Tag Archives: literary reviews

Translating Natalia Ginzburg’s “Voice That Says ‘I’” in the Twenty-First Century

By Eric Gudas For decades, no matter how many of my books sit boxed up in storage, I’ve always had a tattered photocopy of the chapter entitled “The End of the Affair,” from Natalia Ginzburg’s novel Voices in the Evening (1961) in the translation by D.M. Low first published in 1963 by Hogarth Press. This […]

Putting a Brave Face on Loneliness and Loss: Natalia Ginzburg’s “Family” and “Borghesia”

By Jeanne Bonner I do not think of Natalia Ginzburg as a sad figure or a writer of sad, tragic works. I’ve seen her in old interviews, and I’ve read her nonfiction work. Archival photos often show her smiling. She was not melodramatic. She did not seek pity or any kind of rapt attention beyond […]

Translation as Nourishment: Translator Zsuzsa Koltay in Conversation with Béla Szegedi-Szabó

This is an excerpt from an interview with Zsuzsa Koltay whose translation from Hungarian of Nándor Gion’s Soldier with Flower came out in 2020. The interview was originally published in Hungarian and subsequently translated in English by Owen Good for Hungarian Literature Online. Many thanks to Owen for allowing us to run this excerpt. Reading […]

Art and Politics: María Negroni’s “The Annunciation,” translated by Michelle Gil-Montero

In this deeply philosophical, semi-autobiographical novel, acclaimed Argentine poet Negroni explores a question that has figured in her writing for decades: the relationship between the aesthetic and the ethical, the poetic and the political.

Writing Through Memory and Digging Through Secrets of the Past: Mykola Bazhan’s “Quiet Spiders of the Hidden Soul,” edited by Oksana Rosenblum, Lev Fridman, and Anzhelika Khyzhnia

The poems included in Quiet Spiders precede a tragedy in Ukrainian history, the Holodomor, or famine of 1932-1933, and the period known as the Executed Renaissance when a generation of Soviet writers and artists were wiped out by Stalin’s regime.

Nostalgia as Oblivion in Nelson Simòn’s “Itinerary of Forgetting,” Translated from Spanish by Lawrence Schimel

By Cal Paule It’s funny, but I forgot where I left my copy of this book. It’s lost for now, but luckily I have a pdf version. If, though, it were the memory of the exact color of my mother’s hair, or the angles of a roofline above my hometown, I might not be as […]

Marina and Me: Nina Kossman’s “Other Shepherds: Poems with Translations from Marina Tsvetaeva”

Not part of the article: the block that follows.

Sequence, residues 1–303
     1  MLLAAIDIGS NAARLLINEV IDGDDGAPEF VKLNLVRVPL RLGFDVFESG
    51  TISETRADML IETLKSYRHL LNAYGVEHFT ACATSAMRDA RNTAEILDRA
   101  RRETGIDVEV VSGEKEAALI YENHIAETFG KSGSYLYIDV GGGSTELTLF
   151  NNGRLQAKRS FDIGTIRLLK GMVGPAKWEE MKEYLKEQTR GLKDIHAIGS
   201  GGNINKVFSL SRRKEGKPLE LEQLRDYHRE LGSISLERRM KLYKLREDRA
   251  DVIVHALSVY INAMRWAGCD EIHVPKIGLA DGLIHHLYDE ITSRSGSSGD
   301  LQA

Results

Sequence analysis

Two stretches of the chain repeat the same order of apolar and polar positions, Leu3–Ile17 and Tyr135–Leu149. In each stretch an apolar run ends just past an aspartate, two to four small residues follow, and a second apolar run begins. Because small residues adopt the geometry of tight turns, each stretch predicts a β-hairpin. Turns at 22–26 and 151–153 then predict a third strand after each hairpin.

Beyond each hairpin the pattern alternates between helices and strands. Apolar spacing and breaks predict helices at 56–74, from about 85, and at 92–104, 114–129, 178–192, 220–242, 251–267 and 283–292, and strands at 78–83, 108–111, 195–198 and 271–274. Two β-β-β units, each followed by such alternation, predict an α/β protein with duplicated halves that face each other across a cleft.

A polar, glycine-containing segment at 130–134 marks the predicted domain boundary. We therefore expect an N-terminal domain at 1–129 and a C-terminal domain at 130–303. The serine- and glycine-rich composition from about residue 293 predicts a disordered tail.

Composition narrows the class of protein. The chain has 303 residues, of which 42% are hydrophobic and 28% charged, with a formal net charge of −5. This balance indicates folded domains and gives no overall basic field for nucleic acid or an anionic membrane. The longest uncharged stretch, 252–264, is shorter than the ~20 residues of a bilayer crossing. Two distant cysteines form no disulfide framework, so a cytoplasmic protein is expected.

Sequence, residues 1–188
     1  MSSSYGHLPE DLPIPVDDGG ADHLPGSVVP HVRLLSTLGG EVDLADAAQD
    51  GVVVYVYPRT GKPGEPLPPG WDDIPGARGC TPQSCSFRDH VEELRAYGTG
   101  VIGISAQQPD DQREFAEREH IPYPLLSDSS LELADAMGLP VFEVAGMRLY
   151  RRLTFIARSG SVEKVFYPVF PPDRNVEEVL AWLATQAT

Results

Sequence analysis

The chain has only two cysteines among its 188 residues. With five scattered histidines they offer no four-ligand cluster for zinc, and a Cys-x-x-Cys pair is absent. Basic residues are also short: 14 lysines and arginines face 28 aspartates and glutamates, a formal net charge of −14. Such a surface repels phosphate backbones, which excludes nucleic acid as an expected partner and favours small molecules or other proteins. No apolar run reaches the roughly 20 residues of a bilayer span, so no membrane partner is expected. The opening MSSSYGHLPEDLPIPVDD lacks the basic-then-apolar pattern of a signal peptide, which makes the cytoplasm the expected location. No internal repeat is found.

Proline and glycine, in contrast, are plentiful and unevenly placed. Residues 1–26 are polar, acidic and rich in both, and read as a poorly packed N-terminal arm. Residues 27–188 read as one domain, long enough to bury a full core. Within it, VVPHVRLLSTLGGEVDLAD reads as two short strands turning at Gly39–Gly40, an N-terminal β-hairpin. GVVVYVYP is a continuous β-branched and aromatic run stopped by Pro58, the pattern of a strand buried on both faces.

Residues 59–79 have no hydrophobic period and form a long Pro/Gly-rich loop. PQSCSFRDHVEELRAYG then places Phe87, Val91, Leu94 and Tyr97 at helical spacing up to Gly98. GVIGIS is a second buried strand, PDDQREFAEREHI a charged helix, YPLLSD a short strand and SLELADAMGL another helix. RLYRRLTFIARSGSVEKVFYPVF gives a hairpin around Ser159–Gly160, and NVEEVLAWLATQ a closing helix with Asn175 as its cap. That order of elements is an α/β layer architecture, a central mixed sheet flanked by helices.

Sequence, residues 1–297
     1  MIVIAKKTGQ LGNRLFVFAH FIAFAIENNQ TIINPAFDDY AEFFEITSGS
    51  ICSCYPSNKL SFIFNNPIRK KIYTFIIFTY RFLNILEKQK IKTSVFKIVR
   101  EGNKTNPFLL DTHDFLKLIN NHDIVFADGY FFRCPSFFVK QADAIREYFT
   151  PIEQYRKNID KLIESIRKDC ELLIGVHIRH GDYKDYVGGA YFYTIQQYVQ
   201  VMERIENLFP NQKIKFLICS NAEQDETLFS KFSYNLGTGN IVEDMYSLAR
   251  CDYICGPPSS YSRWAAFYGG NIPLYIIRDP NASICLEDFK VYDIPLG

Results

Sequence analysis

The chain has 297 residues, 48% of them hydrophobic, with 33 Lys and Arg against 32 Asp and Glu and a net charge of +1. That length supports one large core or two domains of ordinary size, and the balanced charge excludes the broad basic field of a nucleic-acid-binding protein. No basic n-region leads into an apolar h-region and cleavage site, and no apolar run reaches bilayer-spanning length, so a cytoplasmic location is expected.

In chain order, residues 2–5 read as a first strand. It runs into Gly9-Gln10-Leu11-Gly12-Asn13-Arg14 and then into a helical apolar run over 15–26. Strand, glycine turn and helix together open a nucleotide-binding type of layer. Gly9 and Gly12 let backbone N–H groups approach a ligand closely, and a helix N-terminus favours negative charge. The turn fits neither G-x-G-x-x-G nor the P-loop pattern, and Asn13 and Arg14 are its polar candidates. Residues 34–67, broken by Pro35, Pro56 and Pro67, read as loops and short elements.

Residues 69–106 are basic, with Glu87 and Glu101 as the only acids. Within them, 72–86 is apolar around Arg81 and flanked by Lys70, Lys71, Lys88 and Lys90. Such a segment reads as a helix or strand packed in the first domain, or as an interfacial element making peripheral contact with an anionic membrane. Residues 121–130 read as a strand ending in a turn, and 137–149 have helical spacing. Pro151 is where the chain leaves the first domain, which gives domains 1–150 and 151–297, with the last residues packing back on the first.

If you know Tsvetaeva well, it’s hard not to reconstruct the original mentally while reading the translation.

Translators and Their Ghosts: Iginio Ugo Tarchetti’s “Fantastic Tales,” Translated from Italian by Lawrence Venuti

Iginio Ugo Tarchetti’s Fantastic Tales (Archipelago Books, 2020) is a reprint of the 1992 original Mercury House edition translated from Italian by Lawrence Venuti, one of the most influential scholars of translation today.

Translating Silence: Giuseppe Ungaretti’s “Allegria,” translated from Italian by Geoffrey Brock

By Elena Borelli When translating Giuseppe Ungaretti’s first volume of poetry, originally published in 1919 and subsequently reissued in various editions, Geoffrey Brock has chosen to leave the title in the original Italian. The  translation of the word allegria as “merriment” or “mirth” would be misleading for the reader, especially because in the very first […]

Translation is a Performance of Language: An Interview with Translator and Poet Will Schutt

I’m not sure there’s an Italian word for microaggression. If there is, it is probably lifted from americano.

GETTING INSIDE THE OUTSIDE: ANDRÉ DU BOUCHET’S “OUTSIDE,” TRANSLATED FROM FRENCH BY ERIC FISHMAN AND HOYT ROGERS

By John Taylor Following upon Hoyt Rogers and Paul Auster’s translation of André du Bouchet’s Openwork (Yale University Press, 2014), this fascinating new translation, Outside—by Rogers and Eric Fishman—draws attention once again to a seminal figure in postwar French poetry. Thematically and philosophically, if not from a stylistic perspective, du Bouchet (1924-2001) can be associated […]

“Lost and Found”: Franz Kafka’s “The Lost Writings,” Translated from German by Michael Hofmann

Anyone who is interested in Kafka—which is to say pretty much everyone who is interested in literature—will be curious to read the “lost writings” of a man who famously, at the time of his death, wanted all of his unpublished work destroyed.

“Drawing a Blank”: Hiroko Oyamada’s “The Hole,” translated from Japanese by David Boyd

By Alex Andriesse It’s not always clear what is happening in Hiroko Oyamada’s The Hole, but by the time the reader notices how little he understands, he is too immersed in the novel to put it down. Obviously, I am speaking in the third person about my own experience, but I doubt that this experience […]

On the Scale of Conflict, its Crimes and Traumas: Adania Shibili’s Minor Detail, Translated from Arabic by Elisabeth Jaquette

By Sheera Talpaz “Try to remember some details,” implores the speaker of one of Israeli poet Yehuda Amichai’s well-known poems (Amichai, 318). In translation, it’s impossible to tell that the original Hebrew recalls the Passover Haggadah’s Rabbi Yehuda (naturally), who proffered a mnemonic for the ten plagues, brutal punishments that God memorably rained down on […]

A Life of Ruptures: Frédéric Pajak’s “Uncertain Manifesto,” Translated from French by Donald Nicholson-Smith

A novel that traverses generic as well as geographic and historical boundaries, Uncertain Manifesto switches, from chapter to chapter, between autobiography, essay, illustrated novel, history, literary analysis and fable-like fiction.